Bid him prouide a funerall for his sonne,
To day our sword shall cut his thread of life,
And sooner then he thinkes wele be with him:
To quittance those displeasures he hath done,
2480This said, we past, not daring to reply,
Our harts were dead, our lookes diffusd and wan,
Wandring at last we clymd vnto a hill,
From whence although our griefe were much be-
Yet now to see the occasion with our eies,
2485Did thrice so much increase our heauines,
For there my Lord, oh there we did descry
Downe in a vallie how both armies laie:
The French had cast their trenches like a ring,
And euery Barracados openn front,
2490Was thicke imbost with brasen ordynaunce.
Heere stood a battaile of ten tstousand horse,
There twise as many pikes in quadrant wise,
Here Crosbowes and deadly wounding darts,
And in the midst like to a slender poynt,
2495Within the compasse of the horison,
as twere a rising bubble in the sea,
A Hasle wand a midst a wood of Pynes,
Or as a beare fast chaind vnto a stake,
Stood famous Edward still expecting when
2500Those doggs of Fraunce would fasten on his flesh
Anon the death procuring knell begins,
Off goe the Cannons that with trembling noyse,
Did shake the very Mountayne where they stood,
Then sound the Trumpets clangor in the aire,
2505The battailes ioyne, and when we could no more,
Discerne the difference twixt the friend and fo,
So intricate the darke confusion was,
Away we turnd our watrie eies with sighs,
as blacke as pouder fuming into smoke,
2510And thus I feare, vnhappie haue I told,
The most vntimely tale of Edwards fall.
Qu: Ah me, is this my welcome into Fraunce:
Is this the comfort that I lookt to haue,
When I should meete with my belooued sonne:
2515Sweete Ned, I would thy mother in the sea
Had been preuented of this mortall griefe.
Ki: Content thee Phillip, tis not teares will serue,
To call him backe, if he be taken hence,
Comfort thy selfe as I do gentle Queene,
2520With hope of sharpe vnheard of dyre reuenge,
He bids me to prouide his funerall.
And so I will, but all the Peeres in Fraunce,
Shall mourners be, and weepe out bloody teares,
Vntill their emptie vaines be drie and sere
2525The pillers of his hearse shall be his bones,
The mould that couers him, their Citie ashes,
His knell the groning cryes of dying men,
And in the stead of tapers on his tombe,
an hundred fiftie towers shall burning blaze,
2530While we bewaile our valiant sonnes decease.
After a flourish sounded within, enter an herald.
He. Reioyce my Lord, ascend the imperial throne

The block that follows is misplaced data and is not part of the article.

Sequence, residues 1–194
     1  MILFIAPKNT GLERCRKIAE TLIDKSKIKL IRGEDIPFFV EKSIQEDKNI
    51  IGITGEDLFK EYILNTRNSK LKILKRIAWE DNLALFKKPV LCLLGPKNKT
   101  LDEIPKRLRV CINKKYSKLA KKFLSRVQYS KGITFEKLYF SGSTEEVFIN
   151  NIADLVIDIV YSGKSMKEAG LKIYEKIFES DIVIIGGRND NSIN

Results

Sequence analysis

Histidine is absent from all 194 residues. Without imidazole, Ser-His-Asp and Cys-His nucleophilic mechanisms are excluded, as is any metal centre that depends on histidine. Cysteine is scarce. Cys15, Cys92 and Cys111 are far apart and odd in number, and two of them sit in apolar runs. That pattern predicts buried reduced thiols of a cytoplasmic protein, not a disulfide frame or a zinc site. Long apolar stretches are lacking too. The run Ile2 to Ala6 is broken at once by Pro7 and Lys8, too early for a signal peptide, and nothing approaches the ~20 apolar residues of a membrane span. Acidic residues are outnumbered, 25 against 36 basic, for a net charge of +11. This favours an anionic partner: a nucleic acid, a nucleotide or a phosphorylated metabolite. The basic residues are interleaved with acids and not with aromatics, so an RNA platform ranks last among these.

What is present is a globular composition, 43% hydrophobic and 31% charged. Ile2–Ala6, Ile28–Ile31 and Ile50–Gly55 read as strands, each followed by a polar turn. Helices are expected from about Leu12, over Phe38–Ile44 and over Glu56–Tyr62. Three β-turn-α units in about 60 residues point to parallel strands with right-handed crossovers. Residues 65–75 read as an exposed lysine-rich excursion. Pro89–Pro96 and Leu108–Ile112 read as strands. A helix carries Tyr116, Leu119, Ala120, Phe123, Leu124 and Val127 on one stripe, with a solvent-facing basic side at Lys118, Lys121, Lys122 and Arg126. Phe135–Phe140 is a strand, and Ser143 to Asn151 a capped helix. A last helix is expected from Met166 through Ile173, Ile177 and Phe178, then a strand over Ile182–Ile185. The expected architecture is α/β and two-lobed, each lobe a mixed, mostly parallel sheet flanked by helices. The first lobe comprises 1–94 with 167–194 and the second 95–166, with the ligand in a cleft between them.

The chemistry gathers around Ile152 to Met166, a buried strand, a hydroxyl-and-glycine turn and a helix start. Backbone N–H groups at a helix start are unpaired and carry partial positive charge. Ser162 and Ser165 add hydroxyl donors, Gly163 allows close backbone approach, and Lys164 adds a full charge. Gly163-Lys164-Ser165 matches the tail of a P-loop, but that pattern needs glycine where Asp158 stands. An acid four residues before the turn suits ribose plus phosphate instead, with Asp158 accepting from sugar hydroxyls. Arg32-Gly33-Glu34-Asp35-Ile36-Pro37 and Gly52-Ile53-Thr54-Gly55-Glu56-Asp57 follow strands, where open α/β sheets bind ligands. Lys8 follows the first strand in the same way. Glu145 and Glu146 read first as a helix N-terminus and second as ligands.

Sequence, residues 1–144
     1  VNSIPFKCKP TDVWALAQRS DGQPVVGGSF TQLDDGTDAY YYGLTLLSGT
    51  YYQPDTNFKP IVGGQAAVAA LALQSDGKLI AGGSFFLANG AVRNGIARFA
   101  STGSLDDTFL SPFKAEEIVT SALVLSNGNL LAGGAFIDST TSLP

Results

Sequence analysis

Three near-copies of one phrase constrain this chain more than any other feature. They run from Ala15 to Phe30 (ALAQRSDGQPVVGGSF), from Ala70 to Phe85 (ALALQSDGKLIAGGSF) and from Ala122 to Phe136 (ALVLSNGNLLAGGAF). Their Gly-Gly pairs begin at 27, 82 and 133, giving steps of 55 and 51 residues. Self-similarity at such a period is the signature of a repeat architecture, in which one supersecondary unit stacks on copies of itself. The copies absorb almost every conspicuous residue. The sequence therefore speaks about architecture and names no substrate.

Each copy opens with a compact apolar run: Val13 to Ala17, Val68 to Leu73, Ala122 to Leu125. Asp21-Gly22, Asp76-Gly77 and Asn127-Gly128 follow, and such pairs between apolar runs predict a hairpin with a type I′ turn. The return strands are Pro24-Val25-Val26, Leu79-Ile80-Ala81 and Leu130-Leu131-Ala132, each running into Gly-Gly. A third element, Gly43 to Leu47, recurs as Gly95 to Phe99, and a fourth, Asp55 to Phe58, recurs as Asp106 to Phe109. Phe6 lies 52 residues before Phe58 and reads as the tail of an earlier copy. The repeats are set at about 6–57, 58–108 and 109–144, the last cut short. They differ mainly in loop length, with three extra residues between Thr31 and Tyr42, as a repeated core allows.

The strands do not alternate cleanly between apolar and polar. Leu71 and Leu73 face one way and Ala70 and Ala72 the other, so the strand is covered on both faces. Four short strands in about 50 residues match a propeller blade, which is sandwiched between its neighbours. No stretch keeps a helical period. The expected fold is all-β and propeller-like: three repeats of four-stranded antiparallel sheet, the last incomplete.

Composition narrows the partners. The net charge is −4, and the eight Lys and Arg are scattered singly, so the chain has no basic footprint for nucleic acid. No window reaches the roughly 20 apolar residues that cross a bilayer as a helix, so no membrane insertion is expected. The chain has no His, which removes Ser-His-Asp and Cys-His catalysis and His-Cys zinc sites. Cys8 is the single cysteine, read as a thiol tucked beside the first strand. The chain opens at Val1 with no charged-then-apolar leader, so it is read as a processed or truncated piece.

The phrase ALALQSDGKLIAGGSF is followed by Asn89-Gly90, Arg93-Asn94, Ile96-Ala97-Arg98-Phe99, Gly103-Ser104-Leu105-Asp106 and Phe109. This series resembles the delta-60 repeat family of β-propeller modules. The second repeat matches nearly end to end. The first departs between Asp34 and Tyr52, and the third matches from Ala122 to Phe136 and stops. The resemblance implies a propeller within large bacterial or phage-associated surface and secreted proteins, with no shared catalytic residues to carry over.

The mightie and redoubted prince of Wales,
Great seruitor to bloudie Mars in armes,
2535The French mans terror and his countries fame,
Triumphant rideth like a Romane peere,
and lowly at his stirop comes a foot
King Iohn of France, together with his sonne,
In captiue bonds, whose diadem he brings
2540To crowne thee with, andto proclaime thee king
Ki. Away with mourning Phillip, wipe thine eies
Sound Trumpets, welcome in Plantaginet.
Enter Prince Edward, king Iohn, Phillip, Aud-
ley, Artoys.
2545Ki: As things long lost when they are found again,
So doth my sonne reioyce his fathers heart,
For whom euen now my soule was much perplext
Q. Be this a token to expresse my ioy,
kisse him.
For inward passions will not let me speake.
2550Pr. My gracious father, here receiue the gift,
This wreath of conquest, and reward of warre,
Got with as mickle perill of our liues,
as ere was thing of price before this daie,
Install your highnes in your proper right,
2555and heerewithall I render to your hands
These prisoners, chiefe occasion of our strife.
Kin: So Iohn of France, I see you keepe your word
You promist to be sooner with our selfe
Then we did thinke for, and tis so in deed,
2560But had you done at first as now you do,
How many ciuill townes had stoode vntoucht,
That now are turnd to ragged heaps of stones?
How many peoples liues mightst thou haue saud,
that are vntimely sunke into their graues.
2565Io: Edward, recount not things irreuocable,
Tell me what ransome thou requirest to haue?
Kin: Thy ransome Iohn, hereafter shall be known
But first to England thou must crosse the seas,
To see what intertainment it affords,
2570How ere it fals, it cannot be so bad,
as ours hath bin since we ariude in France.
Ioh: Accursed man, of this I was fortolde,
But did misconster what the prophet told.
Pri: Now father this petition Edward makes,
2575To thee whose grace hath bin his strongest shield
That as thy pleasure chose me for the man,
To be the instrument to shew thy power,
So thou wilt grant that many princes more,
Bred and brought vp within that little Isle,
2580May still be famous for lyke victories:
and for my part, the bloudie scars I beare,
The wearie nights that I haue watcht in field,
The dangerous conflicts I haue often had,
The fearefull menaces were proffered me,
2585The heate and cold, and what else might displease
I wish were now redoubled twentie fold,
So that hereafter ages when they reade
The painfull traffike of my tender youth
Might thereby be inflamd with such resolue,
2590as not the territories of France alone,
But likewise Spain, Turkie, and what countries els
That iustly would prouoke faire Englands ire,
Might at their presence tremble and retire.
Kin: Here English Lordes we do proclaime a rest
2595an intercession of our painfull armes,
Sheath vp your swords, refresh your weary lims,
Peruse your spoiles, and after we haue breathd
a daie or two within this hauen towne,
God willing then for England wele be shipt,
2600VVhere in a happie houre I trust we shall
Ariue three kings, two princes, and a queene.